When you work to advance a controversial idea like nullification, you expect to deal with a certain number of hostile opponents.

But I’m not gonna lie; sometimes countering the same ridiculous arguments over and over again gets tedious. I mean, how many different ways can you say “nullification was never used to support slavery?” Or “only federal acts ‘in pursuance of’ the Constitution stand supreme?”

I try to be patient and just keep hammering the facts. Slowly but surely, we are making progress. A Rasmussen poll released this week actually indicates more Americans than not believe states should nullify unconstitutional acts. That’s pretty amazing and extremely encouraging.

But every once in a while, some of these clowns really get under my skin. The ones who sanctimoniously belittle those of us who support nullification, using smears like “wacky” and “demented” and “crackpot,” yet clearly don’t know the first thing about the history of nullification really make me see red. They act like no sane person could possibly support nullification. They don’t even attempt to counter the idea. They just smugly make fun of us with an air of intellectual superiority.

Yet in the process, these brilliant caretakers of conventional wisdom get basic facts completely wrong.

Take this second-rate columnist named Sid Salter. He recently wrote a wonderfully condescending tome condemning nullification.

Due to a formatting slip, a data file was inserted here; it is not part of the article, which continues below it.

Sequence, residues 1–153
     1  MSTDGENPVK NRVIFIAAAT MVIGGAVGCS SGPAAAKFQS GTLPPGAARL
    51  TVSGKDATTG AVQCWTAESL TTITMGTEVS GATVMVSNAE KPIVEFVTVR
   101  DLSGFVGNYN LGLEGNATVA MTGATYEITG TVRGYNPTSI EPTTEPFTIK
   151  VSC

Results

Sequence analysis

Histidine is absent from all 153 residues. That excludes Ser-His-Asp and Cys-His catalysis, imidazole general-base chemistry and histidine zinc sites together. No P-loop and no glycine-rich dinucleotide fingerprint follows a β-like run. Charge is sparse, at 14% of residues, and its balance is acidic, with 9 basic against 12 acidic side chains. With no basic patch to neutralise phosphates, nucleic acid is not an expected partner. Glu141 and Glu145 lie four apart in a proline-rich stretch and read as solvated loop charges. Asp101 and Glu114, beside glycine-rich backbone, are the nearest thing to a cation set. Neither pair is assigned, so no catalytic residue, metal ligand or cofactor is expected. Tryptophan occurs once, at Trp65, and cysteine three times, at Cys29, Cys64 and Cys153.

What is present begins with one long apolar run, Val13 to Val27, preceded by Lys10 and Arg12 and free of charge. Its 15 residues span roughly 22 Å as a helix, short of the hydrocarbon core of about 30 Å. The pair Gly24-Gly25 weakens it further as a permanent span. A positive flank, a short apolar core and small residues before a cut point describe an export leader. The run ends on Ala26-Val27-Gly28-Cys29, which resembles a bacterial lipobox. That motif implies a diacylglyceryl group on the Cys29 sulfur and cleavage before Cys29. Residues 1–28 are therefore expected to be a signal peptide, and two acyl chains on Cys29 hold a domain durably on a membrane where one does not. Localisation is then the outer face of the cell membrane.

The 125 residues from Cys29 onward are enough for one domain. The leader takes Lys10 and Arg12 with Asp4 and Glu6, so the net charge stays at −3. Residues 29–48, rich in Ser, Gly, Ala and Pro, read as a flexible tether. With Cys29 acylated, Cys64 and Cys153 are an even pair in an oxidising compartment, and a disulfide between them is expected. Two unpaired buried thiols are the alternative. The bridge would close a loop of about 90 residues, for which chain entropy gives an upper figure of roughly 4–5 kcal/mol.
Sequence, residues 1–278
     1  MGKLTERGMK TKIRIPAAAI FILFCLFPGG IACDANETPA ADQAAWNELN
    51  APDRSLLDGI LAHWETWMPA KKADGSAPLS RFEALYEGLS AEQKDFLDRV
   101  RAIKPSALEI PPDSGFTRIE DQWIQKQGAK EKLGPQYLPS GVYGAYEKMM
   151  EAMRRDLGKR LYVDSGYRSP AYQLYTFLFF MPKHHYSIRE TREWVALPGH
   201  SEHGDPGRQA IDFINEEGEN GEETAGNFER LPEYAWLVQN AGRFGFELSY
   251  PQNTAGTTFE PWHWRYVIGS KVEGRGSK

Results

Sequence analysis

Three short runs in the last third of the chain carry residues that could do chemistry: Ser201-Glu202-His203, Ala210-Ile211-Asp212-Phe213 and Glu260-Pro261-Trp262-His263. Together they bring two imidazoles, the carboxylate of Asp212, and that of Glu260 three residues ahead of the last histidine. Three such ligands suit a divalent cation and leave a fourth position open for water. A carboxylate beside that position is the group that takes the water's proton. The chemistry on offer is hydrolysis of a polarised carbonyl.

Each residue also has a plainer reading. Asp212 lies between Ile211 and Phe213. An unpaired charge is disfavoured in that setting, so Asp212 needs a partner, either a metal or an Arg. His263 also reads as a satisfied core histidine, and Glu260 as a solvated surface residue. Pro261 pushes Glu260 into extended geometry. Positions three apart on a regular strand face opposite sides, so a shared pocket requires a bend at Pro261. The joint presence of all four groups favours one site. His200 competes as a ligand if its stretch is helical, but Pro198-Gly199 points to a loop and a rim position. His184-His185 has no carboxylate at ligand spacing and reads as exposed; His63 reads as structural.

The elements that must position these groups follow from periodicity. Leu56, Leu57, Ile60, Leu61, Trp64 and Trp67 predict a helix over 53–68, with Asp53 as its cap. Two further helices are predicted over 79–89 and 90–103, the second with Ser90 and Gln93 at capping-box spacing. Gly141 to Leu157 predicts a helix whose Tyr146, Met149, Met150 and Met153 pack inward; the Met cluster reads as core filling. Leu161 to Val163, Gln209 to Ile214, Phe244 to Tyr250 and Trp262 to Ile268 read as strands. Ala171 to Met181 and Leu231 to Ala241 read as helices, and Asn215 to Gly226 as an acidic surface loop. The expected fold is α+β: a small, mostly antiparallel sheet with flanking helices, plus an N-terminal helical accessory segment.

I’m not even going to do him the favor of linking to the article. I find it amusing that two days after publication it only showed one Twitter share, and I’m not inclined to boost  his readership. But Salter provides the perfect example of what I’m talking about: an arrogant political hack who has no idea that he doesn’t know what he doesn’t know.

Salter buried this historical jewel concerning nullification in with the predictable uninformed blather about federal supremacy.

“John C. Calhoun of South Carolina first took that position (that states can nullify unconstitutional acts) prior to the Civil War.”


I’m sure Thomas Jefferson and James Madison would find this interesting, since they took that very position in 1798. Yeah, Calhoun borrowed extensively from the “Father of the Constitution” and the author of the Declaration of Independence when he was talking about nullification in the late 1820s and early 1830s. But in Salter’s defense, tying Calhoun to nullification makes his case much better than those other guys. Why let a little historical truth get in the way of making your point, right?

Of course, Salter isn’t the first so-called expert to belittle nullification while butchering basic facts and lying about the history. Some of these brainiacs do it over and over again. They just pretend like alternate points of view don’t even exist. So-called legal scholars are the worst. Journalists like to parrot these guys because they have “law professor’ in front of their names. Most of them should probably write their laws school and ask for a refund.

So here are a few words of wisdom for Salter and his ilk: know what you’re talking about. It will really boost your credibility. As it is, your ignorance nullifies your opinion.

Mike Maharrey

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